The State of Pune’s Infrastructure, Part 3: Public Transport

This is the backbone of every city. Every single major city has a well-entrenched public transport system. A good public transport system eases traffic congestion, reduces air and noise pollution, and moves large masses of people efficiently, regularly and cost-effectively from Home to Workplace and back, regularly. No city has grown beyond a certain point without a mass transport system. Mumbai has BEST and the local train network. Delhi has the DTC, private buses and now the metro. Abroad, Singapore has its MRT – the Mass Rapid Transport system. Pune has nothing. Nothing except for the Pune Municipal Transport Corporation buses. This fleet has run the same set of buses for as long as I can remember. The exact same buses that used to ply the roads of the city when I was a wee five-year-old on my occasional Pune visits, still ply the same roads. Belching smoke, tired twenty-year-old engines struggle to power dented, dusty, rutsy buses with broken seats, windows and panelling, across the city. Sometime this year, the corporation made a feeble, half-hearted effort to bring in a bunch of new buses and announced that it had “upgraded” the fleet. That is a downright lie. The vast, vast majority of buses on the streets are the old rickety ones. And it is a HUGE pain to travel by them. There are long lines for infrequent buses, the bus stops and bus depots are dirty nightmares. Pune needs double the fleet size, first-class buses, a three-fold increase in fares, and a complete route-remap. Pronto. The older this fleet gets, worse becomes the fuel-efficiency, more become the maintenance costs, pollution, driver and staff stress. Unless the PMT becomes something that the whole populace relies on and trusts, there’ll be far more people buying two- and four-wheelers, making traffic problems worse. There is also a thriving 6-seater and 8-seater rickshaw business, almost a parallel public transport system. I don’t know how far this is illegal, but the vehicles themselves are a complete menace.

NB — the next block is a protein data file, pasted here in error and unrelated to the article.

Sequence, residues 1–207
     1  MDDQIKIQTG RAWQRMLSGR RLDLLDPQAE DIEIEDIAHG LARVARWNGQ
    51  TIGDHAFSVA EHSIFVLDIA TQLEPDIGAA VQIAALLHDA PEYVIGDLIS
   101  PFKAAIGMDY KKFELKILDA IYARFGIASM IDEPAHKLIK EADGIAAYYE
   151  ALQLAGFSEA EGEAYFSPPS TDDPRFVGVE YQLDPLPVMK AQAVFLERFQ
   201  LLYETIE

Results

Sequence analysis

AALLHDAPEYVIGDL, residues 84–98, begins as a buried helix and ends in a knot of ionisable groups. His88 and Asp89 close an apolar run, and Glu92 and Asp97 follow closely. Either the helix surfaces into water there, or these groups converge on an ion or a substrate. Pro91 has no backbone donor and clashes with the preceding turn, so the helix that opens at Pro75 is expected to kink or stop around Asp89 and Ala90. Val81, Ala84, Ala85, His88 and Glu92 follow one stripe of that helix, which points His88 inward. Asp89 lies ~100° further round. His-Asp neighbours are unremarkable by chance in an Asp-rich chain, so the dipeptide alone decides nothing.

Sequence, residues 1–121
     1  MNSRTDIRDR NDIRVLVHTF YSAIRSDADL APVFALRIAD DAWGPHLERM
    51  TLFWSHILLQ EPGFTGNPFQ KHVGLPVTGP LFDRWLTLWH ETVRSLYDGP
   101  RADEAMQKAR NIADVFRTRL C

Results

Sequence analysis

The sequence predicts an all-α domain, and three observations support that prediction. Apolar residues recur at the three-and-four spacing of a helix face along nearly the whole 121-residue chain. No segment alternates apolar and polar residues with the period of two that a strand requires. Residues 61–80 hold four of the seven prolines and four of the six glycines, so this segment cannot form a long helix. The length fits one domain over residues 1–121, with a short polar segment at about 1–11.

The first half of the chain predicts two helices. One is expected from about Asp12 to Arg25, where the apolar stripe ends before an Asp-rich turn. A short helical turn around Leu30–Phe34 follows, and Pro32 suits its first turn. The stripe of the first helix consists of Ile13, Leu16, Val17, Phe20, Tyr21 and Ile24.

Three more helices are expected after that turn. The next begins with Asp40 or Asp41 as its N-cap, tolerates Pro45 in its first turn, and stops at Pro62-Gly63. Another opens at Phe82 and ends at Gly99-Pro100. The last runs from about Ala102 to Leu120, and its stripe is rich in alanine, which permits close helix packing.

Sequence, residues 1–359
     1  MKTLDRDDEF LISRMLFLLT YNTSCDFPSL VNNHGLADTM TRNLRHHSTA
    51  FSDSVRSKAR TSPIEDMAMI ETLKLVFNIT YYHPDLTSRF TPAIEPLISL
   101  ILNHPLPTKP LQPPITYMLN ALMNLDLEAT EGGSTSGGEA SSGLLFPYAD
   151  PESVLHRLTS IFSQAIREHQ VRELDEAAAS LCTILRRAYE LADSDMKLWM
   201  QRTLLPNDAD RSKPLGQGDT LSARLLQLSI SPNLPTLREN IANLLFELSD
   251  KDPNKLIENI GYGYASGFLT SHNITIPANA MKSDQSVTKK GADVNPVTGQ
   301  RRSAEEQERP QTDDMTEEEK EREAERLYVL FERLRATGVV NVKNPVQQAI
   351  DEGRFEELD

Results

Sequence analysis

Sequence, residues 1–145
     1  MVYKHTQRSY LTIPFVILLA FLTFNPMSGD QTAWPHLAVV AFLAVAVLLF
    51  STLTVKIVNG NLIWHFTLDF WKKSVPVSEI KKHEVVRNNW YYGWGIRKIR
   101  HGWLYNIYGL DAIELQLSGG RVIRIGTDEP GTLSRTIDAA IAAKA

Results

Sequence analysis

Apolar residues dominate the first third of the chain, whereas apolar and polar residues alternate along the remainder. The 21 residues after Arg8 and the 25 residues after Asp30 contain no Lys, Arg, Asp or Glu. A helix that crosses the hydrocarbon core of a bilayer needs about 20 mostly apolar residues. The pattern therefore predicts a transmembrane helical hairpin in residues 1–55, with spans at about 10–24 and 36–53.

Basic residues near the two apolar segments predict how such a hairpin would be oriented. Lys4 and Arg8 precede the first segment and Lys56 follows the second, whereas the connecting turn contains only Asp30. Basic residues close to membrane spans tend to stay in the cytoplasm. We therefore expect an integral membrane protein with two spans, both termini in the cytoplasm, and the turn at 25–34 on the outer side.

In conclusion:
When none of the above – Roads, Electricity, Urban Planning, Public Transport – function at even a fraction of the minimum quality and reliability that is expected of a city of this size, how in the world does the administration intend to build it up into the “next Bangalore”? If things persist, forget progressing to compete with Bangalore, Pune might not even be able to be remain what it was a few years ago. Wake up!

(concludes)